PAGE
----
4. µ
    Posted June 10, 2016 at 7:20 pm | Permalink

    “ein halbes Wanderjahr”

    Everyone should do walkabouts regularly, whether “halb” or “halbes” does not matter.

  5. chris moffatt
    Posted June 10, 2016 at 7:42 pm | Permalink

    Solzhenytsin not an intellectual? Why? He didn’t go to some tinpot school? Methinks the definition of intellectual needs to be revised.

    • Jonathan Wallace
      Posted June 11, 2016 at 1:26 am | Permalink

      Yes, I was a little surprised to see him labelled as ineligible. I’m just guessing but I’d imagine that the U of Chicago would not deny he was an intellectual even if he falls outside their criteria for graduation speakers. I guess that by insisting on drawing their speaker from the ranks of university academics they may rule out some potentially interesting thinkers but they also avoid getting pressured into inviting the latest tv/film/pop star who confuses being famous with having something interesting to say.

    • chris moffatt
      Posted June 11, 2016 at 8:16 am | Permalink

      From what I can glean the U of C since 1970 has only had university members perform this function.

  6. DrBrydon
    Posted June 10, 2016 at 7:50 pm | Permalink

    I know the College was smaller in my day. We had graduation in Rockefeller Chapel. I can’t remember if they broke us up by Division, though. They might have.

  7. john switzer
    Posted June 10, 2016 at 8:28 pm | Permalink

    John (JJ) Weldon Cale died I think 2 or 3 years ago.
    There is a nice YouTube video, maybe his last recorded with Clapton who stands back and says you are on and plays mild back up. Plays The Breaze and maybe After Midnight. Go and look for it.
    Honesty in art.

    • E.A. Blair
      Posted June 10, 2016 at 9:42 pm | Permalink

      The John Cale I mentioned is John Davies Cale, founding member of the Velvet Underground, producer for many other musicians and onetime talent scout for A&M records. John Weldon Cale changed his professional moniker to JJ Cale to avoid being confused with John Davies.

      Whenever I mentioned J.D. Cale as one of my favorite musicians, people always said, “Oh, you mean JJ Cale, so I guess the name change wasn’t that effective.

      • Jonathan Wallace
        Posted June 11, 2016 at 1:29 am | Permalink

        “I guess the name change wasn’t that effective”.

        Though both pursued long and, deservedly successful, careers in music.

  8. Randy Schenck
    Posted June 10, 2016 at 9:14 pm | Permalink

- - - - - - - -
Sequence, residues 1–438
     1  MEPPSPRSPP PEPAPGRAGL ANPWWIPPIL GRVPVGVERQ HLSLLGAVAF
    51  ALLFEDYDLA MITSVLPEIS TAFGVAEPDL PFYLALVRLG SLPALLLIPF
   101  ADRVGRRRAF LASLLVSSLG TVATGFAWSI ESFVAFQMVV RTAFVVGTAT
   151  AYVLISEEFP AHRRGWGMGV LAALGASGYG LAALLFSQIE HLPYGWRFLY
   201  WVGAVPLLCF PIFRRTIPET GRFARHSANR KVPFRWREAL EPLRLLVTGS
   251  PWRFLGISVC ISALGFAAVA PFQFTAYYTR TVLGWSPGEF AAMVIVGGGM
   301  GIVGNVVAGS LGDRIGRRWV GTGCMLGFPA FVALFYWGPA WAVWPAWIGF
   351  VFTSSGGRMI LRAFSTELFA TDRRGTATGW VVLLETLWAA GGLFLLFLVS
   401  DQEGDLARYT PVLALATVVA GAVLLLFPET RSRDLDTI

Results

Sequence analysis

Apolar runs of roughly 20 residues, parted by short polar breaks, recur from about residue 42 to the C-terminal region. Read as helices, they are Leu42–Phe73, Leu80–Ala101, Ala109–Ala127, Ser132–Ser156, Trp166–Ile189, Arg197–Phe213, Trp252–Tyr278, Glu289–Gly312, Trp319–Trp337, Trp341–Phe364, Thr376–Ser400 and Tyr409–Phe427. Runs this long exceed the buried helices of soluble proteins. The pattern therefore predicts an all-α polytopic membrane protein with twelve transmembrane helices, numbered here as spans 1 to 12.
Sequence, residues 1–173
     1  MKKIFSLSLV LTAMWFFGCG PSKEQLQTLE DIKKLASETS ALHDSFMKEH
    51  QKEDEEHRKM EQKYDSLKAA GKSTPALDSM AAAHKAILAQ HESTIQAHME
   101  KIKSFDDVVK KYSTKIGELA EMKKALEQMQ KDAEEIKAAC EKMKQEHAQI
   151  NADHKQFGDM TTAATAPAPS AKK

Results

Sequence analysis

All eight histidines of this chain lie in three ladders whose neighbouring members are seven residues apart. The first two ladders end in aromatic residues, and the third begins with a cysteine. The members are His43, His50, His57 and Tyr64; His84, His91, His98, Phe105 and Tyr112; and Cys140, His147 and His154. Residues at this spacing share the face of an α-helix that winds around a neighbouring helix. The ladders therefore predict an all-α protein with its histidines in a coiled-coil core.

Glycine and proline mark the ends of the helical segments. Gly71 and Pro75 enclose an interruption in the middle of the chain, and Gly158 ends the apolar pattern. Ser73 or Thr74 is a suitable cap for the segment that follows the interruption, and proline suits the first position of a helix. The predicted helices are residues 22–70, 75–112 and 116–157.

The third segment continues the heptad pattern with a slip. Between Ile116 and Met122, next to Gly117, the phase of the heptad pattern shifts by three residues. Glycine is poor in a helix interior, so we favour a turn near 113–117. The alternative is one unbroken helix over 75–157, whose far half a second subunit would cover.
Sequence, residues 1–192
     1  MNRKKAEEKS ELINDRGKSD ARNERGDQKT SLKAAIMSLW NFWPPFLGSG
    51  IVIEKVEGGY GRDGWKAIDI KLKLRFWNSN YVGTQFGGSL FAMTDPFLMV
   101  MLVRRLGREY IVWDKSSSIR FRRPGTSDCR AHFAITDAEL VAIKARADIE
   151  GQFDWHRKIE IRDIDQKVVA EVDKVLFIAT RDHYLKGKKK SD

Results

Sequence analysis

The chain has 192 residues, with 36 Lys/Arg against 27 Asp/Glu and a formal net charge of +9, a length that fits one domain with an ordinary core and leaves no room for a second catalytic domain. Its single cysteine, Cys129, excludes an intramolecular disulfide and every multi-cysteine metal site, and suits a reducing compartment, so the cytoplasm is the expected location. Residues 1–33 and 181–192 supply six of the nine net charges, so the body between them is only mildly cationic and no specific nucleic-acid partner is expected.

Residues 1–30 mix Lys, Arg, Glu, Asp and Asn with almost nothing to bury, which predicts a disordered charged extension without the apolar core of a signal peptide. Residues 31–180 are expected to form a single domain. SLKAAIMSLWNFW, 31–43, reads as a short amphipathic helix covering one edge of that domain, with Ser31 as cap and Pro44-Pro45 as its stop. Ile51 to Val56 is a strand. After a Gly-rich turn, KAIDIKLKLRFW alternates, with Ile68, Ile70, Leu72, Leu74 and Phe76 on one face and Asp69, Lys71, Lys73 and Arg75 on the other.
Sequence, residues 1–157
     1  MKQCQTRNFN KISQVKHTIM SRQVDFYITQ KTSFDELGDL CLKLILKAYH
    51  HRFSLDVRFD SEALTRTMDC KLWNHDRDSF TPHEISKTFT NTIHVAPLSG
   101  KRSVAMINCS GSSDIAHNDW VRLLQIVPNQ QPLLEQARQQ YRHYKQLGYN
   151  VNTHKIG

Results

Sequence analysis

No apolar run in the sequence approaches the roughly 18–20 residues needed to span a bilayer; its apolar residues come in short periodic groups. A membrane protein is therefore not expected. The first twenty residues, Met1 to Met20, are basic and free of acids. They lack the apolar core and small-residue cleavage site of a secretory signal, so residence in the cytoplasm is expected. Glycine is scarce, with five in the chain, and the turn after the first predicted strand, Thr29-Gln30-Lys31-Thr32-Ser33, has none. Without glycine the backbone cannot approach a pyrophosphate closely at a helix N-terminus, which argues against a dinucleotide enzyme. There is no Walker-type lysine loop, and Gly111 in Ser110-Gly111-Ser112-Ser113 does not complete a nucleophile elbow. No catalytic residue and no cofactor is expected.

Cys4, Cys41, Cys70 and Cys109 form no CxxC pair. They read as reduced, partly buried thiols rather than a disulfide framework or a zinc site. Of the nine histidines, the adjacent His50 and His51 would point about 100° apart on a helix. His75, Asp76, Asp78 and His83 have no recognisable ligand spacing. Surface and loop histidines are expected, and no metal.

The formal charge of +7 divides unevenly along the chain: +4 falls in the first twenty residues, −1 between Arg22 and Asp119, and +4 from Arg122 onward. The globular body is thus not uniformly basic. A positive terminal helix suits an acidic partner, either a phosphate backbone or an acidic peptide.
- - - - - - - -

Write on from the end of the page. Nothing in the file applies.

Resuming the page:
It is the fortunate person who gets to do what they want from beginning until end. Some will say luck but I don’t think luck plays much of a part in this. There is too much work and determination in it to believe luck had much hand – only around the edges. The luck was in being born and not getting run over by a truck along the way.

    • Jonathan Wallace
      Posted June 11, 2016 at 1:32 am | Permalink

      So in other words Jerry is not a ‘fortunate person’ (except to the extent that he avoided being flattened by a truck).🙂

    • Posted June 11, 2016 at 4:36 am | Permalink

      No, it was pure laws of physics: my genes and my environment. I had no choice about what I did or what I became. So I shouldn’t be lauded!

  9. Filippo
    Posted June 10, 2016 at 9:46 pm | Permalink

    “I’ve been at it nearly half a century—even rock stars can’t keep it up that long!”

    I’m glad for your sake that you’ve been able to rise to the occasion.

  10. johnjfitzgerald
    Posted June 10, 2016 at 11:21 pm | Permalink

    Keep up the good work. In biology and philosophy, you are doing good work. Provoke, dissent, protest, argue, criticize, question, challenge common sense, etc. are all good words that describe your enterprise. Keep up their!


    John J. Fitzgerald

    • johnjfitzgerald
      Posted June 10, 2016 at 11:23 pm | Permalink

      Correct the last line. “Keep up the fire.”

  11. Posted June 10, 2016 at 11:50 pm | Permalink

    A year ago it was members of my family who were sitting in those seats, as my son graduated. In fact, we were very near the foreground seats in your photo. We felt terribly vulnerable, as a major thunderstorm was reported to be bearing down on us. Fortunately, it never materialized and, amazingly, our son did graduate. So here’s to equally good luck tomorrow.

  12. Scott Draper
    Posted June 11, 2016 at 12:50 am | Permalink

    “no matter how jaded you are, it’s a thrill.”

    Not for me. I skipped my college graduation. I don’t understand the attraction of ceremonies, much less sitting out in the hot sun wearing a hot robe listening to boring speakers.

    • Filippo
      Posted June 12, 2016 at 9:58 pm | Permalink